Europe's Hawkish Turn Is Led by First Czech Rate Hike Since 2008By and
Czech central bank raises key rate by 20 basis points to 0.25%
Gains in koruna giving ‘us no cause for concern,’ Rusnok says
The Czech central bank is teeing up more increases in interest rates after starting monetary tightening in Europe with its first hike in almost a decade.
The koruna jumped the most in three months after the benchmark rate was raised to 0.25 percent from a record-low 0.05 percent in a unanimous decision on Thursday. While revised staff forecasts show much stronger economic growth this year and next, Governor Jiri Rusnok told reporters he couldn’t give clearer guidance for policy tightening other than saying that more hikes probably loom over the next two years.
“Unlike the euro zone, we’re experiencing a very real, visible and robust wage growth, and given the record employment levels, the volume of wages is expanding even faster,” Rusnok said at a news conference in Prague after the decision. “That represents a huge cash injection that largely goes into consumption, which is the driver pushing the Czech economy ahead.”
Rate setters are dusting off their conventional toolbox after exploring the extremes of monetary policy with a Swiss-style currency cap on koruna appreciation that was imposed in 2013 and scrapped in April. While their peers in the region and the euro area are still waiting for more evidence that price growth is robust enough to warrant tightening, the Czech central bank sees inflation near its 2 percent target through 2018 as the economy outperforms its earlier outlook.
It’s “the start of a gradual tightening cycle,” said Liam Carson, an analyst covering emerging Europe at Capital Economics Ltd. in London. “There is a growing chance that we could see another rate hike before the end of 2017.”
The rate increase sent the koruna rallying as much as 0.8 percent to the strongest since 2013. It pared gains and traded up 0.3 percent at 26.015 against the euro as of 3:20 p.m. in Prague. The exchange rate has appreciated 4 percent since the end of the intervention regime, the best performance among 31 major currencies tracked by Bloomberg worldwide.
“The koruna has been appreciating at a pace that gives us no cause for concern,” Rusnok said, adding that the bank’s baseline scenario is for continued “moderate” appreciation. “We are convinced that it is adequate to what the Czech economy needs at the moment.”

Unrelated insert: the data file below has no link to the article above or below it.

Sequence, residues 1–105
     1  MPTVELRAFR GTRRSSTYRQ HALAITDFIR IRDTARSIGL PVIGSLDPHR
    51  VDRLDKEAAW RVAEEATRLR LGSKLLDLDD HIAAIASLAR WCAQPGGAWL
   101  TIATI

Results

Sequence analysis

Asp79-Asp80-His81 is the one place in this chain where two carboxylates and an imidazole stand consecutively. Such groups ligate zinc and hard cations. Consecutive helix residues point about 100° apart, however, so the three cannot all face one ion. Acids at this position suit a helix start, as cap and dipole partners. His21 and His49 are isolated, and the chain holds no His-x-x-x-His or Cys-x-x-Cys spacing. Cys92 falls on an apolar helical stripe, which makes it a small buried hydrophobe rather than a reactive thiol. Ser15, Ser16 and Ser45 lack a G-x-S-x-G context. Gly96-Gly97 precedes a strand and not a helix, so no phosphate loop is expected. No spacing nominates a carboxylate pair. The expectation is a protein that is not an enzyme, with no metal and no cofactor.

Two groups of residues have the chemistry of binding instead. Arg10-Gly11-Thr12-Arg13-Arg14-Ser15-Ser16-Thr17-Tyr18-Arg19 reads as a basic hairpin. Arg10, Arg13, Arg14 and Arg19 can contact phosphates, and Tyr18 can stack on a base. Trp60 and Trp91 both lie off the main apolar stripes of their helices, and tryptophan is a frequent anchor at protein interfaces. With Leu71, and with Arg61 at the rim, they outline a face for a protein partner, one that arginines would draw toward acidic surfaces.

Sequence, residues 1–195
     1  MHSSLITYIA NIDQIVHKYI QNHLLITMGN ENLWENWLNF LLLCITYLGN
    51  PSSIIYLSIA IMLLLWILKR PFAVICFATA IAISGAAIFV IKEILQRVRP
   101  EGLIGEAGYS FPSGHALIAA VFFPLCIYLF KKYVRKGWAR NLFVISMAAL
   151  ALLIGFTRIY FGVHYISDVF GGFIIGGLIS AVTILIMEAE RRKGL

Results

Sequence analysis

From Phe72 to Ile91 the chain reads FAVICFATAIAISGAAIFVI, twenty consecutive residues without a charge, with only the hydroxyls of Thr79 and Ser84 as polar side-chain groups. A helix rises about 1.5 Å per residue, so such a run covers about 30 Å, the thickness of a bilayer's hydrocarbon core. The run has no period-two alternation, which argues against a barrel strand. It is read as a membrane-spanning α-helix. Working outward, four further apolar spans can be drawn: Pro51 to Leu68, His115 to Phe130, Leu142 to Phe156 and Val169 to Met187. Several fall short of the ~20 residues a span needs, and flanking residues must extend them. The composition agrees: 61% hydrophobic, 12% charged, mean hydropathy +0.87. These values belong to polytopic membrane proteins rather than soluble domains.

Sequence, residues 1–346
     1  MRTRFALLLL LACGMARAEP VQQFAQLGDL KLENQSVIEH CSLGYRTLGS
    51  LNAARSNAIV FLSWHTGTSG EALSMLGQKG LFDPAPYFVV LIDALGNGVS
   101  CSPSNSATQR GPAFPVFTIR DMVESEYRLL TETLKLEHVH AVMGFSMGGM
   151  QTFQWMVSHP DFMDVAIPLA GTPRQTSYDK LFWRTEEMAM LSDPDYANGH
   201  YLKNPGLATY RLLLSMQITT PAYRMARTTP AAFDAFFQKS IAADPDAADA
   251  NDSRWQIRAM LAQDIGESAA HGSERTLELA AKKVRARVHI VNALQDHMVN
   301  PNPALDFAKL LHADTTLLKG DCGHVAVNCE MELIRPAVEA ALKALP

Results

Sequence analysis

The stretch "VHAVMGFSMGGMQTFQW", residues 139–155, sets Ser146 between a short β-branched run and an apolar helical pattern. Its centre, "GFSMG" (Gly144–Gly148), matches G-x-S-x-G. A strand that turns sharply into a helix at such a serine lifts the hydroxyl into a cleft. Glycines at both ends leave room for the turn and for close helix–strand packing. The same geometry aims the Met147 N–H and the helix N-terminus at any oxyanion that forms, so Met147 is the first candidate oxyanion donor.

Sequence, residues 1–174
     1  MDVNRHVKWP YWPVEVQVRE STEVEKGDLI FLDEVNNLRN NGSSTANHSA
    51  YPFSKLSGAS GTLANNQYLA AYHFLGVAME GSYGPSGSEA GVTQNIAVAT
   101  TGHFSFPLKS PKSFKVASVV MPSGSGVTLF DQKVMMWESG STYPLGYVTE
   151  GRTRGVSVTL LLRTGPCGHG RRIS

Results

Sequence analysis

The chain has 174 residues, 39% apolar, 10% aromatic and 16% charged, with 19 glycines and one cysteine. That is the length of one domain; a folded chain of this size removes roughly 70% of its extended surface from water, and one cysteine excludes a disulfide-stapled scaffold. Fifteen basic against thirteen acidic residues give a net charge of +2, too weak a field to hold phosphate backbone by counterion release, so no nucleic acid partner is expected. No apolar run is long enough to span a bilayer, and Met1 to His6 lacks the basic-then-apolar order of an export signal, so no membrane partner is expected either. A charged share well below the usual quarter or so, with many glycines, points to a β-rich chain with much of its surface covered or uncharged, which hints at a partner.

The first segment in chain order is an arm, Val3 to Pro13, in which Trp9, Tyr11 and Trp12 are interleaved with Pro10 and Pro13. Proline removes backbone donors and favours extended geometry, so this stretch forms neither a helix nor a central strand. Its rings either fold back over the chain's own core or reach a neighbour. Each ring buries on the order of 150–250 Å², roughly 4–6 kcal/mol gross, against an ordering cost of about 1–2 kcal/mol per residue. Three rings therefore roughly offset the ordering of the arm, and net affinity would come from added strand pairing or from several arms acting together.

With headline inflation running above the target for most of this year, rate setters are focusing on underlying price pressures stemming from accelerating wage growth and the European Union’s lowest unemployment.
Gross domestic product will add 3.6 percent this year under the central bank’s updated outlook, up from its previous forecast for a gain of 2.9 percent. The annual consumer-price index will be at 1.9 percent in the third quarter of next year and end 2018 at 1.8 percent, downward revisions from its previous predictions for 2 percent and 1.9 percent, respectively.
Apart from curbing future inflation, the central bank is also trying to a avert a potential mortgage bubble after Czech home prices grew at the fastest pace in the EU for two quarters. Policy makers have repeatedly said they prefer to tackle the housing-market risks through tighter capital requirements and lending standards, but mentioned rate hikes as a possible tool as well.
“Increasing the policy rate shouldn’t lead to a major slowdown in the economy because monetary policy will remain accommodating and the Czech National Bank’s moves will only be gradual,” said Natalia Kornela Setlak, an analyst at Nordea Markets. “The interest-rate increase should, nevertheless, lead to a slight decline in currently observed price pressures, which will also be negatively affected by the sharp koruna appreciation.”
— With assistance by Andre Tartar, Zoya Shilova, and Marton Eder